Audio export is choppy

I’m using NP3. Playback is normal. But when I export an mp3, I get choppy audio.

File here:

It doesn’t do this consistently, but it’s doing it now.

WAV file export works fine.


If you switch to HALion, do you get the same result with that? What about exporting as WAV?

We’ve had similar reports from a beta tester who found that they had this problem if they had a small audio buffer size. What buffer size are you currently using, and does the problem go away if you make it larger?

Ah, that’s probably it. I sometimes get dropouts when playing a big orchestra score with NP (it often happens when the choir parts come in). My buffer is set as high as it will go, and it’s still not acceptable.

I have a pretty decent laptop, but I think the audio driver is pretty poor. I’ve tried ASIO4ALL, but it doesn’t work. I just need to get to the bottom of this. But I guess it’s a hardware problem, not a Dorico problem. Thanks!

Do you have e.g. a USB audio device you could hook up to the laptop temporarily to see if it helps?

For audio export it ought not to make any difference, because the audio processing is done offline and shouldn’t depend on the buffer size or throughput of the actual real-time audio device (at least as I understand it, though there is much in the world of the audio engine that I do not understand!).

I hooked my laptop up to my Focusrite Scarlett and the audio export to mp3 seems to work fine. Buffer is set to 256 by default, and no errors.

That’s certainly an interesting data point. I’ll talk to Ulf about this, because, as I say, my (limited) understanding is that when exporting audio the performance of the audio hardware should be less of an issue – export would just take longer instead.

This is certainly unexpected.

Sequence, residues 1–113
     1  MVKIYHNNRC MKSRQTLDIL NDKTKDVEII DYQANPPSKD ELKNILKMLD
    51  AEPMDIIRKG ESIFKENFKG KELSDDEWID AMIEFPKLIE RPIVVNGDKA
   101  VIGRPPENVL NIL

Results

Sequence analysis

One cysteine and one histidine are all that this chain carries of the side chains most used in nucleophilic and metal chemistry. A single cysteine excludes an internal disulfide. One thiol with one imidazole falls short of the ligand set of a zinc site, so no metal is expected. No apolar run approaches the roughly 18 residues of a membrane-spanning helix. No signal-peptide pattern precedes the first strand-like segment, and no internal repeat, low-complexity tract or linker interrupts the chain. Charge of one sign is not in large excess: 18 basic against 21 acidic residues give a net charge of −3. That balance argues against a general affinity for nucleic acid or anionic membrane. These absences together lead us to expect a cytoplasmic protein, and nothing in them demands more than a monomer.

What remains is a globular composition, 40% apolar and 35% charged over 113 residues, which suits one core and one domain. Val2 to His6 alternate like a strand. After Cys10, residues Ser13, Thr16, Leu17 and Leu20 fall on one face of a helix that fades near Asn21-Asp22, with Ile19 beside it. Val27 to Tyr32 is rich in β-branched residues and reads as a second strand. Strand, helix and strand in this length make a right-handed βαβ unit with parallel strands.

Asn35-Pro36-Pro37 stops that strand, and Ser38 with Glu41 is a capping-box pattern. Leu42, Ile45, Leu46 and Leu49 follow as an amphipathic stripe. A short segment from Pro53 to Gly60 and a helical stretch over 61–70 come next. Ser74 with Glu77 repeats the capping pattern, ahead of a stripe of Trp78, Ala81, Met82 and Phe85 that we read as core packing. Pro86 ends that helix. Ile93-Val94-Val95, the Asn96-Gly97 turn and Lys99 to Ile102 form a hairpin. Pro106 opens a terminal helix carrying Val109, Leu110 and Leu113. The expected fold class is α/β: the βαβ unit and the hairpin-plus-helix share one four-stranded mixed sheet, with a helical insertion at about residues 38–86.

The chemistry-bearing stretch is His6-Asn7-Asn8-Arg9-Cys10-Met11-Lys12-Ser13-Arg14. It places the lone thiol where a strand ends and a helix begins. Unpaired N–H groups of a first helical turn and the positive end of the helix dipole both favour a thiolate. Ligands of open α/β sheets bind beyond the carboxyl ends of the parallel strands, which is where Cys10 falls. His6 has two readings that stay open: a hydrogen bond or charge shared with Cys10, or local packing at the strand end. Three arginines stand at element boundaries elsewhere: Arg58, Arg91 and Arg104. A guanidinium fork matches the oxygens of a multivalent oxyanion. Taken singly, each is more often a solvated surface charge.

First some words of explanation: During normal playback, the audio engine is clocked by the audio device resp. the audio driver. This is a somehow “stress” environment, because within each cycle all audio for one buffer definitely needs to be processed, otherwise drop outs occur. However, during audio export the situation is different, the audio engine is running freely and clocks itself. Therefore the engine may take as much time as needed to process the audio. Consequently, drop outs during audio export shall never happen. Though during audio export the audio engine also uses the parameters of the audio device (i.e. sample rate, buffer size), other than that there are no dependencies on the audio hardware.

Having just said all this, I’m really puzzled about the reports on choppy audio export as this is totally unexpected. Maybe - but this would need to be proven - it has to do with odd buffer sizes (not a power of 2) that the MP3 encoder can’t deal with. But then I would expect similar reports for Cubase as well.

Obviosuly my hardware is different (Windows 10 pro on desktop PC) but right back to the first release of Dorico I have had the situation where the “generic audio driver” bundled with Dorico is very temperamental about audio dropouts even with a solo piano score (for example, sometimes it gave a lot of dropouts when Dorico was first started, but the problem apparently went away after a few minutes of playback), but ASIO4ALL has consistently been rock solid.

I had the same issue of stuttering audio export on mp3 only. WAV export works fine. I am using dorico pro 2.2 and Noteperformer3 on windows 10. In my case, the “Allow ASIO host application to take exclusive control” setting at Generic ASIO driver was the key. If I check that setting, the mp3 export worked fine. But if I uncheck that setting, it exported the choppy mp3 file, the same as Dan reported. The buffer size is set to 100 milliseconds. Looks like the audio export gets interrupted by something when it doesn’t have exclusive control of the port.

This problem occurred to me because I usually keep the “take exclusive control” unchecked, in order for the headphone jack audio-out to appear in the output port list of generic ASIO driver settings; my Lenovo laptop has separate audio-out for internal speakers and headphone jack. For now, I change the “take exclusive control” setting whenever I need to use the mp3 export.

I just wanted to share some information regarding this case.

Many thanks for sharing this, Tanaka.

Tanaka, thank you for this incredibly helpful insight. Much easier for me to check/uncheck this box than to switch drivers, or export as WAV and then encode as mp3!